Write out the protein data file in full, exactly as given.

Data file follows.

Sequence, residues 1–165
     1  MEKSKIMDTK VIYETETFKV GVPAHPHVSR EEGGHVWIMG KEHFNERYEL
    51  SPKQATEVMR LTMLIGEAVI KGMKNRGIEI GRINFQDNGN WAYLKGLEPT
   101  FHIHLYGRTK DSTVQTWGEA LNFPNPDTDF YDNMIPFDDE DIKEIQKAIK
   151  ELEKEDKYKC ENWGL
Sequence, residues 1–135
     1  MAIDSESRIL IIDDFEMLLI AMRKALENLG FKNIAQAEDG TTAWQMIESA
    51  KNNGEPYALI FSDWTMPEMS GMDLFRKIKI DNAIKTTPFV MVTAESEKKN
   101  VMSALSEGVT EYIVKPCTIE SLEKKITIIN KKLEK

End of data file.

Sequence, residues 1–165
     1  MEKSKIMDTK VIYETETFKV GVPAHPHVSR EEGGHVWIMG KEHFNERYEL
    51  SPKQATEVMR LTMLIGEAVI KGMKNRGIEI GRINFQDNGN WAYLKGLEPT
   101  FHIHLYGRTK DSTVQTWGEA LNFPNPDTDF YDNMIPFDDE DIKEIQKAIK
   151  ELEKEDKYKC ENWGL
Sequence, residues 1–135
     1  MAIDSESRIL IIDDFEMLLI AMRKALENLG FKNIAQAEDG TTAWQMIESA
    51  KNNGEPYALI FSDWTMPEMS GMDLFRKIKI DNAIKTTPFV MVTAESEKKN
   101  VMSALSEGVT EYIVKPCTIE SLEKKITIIN KKLEK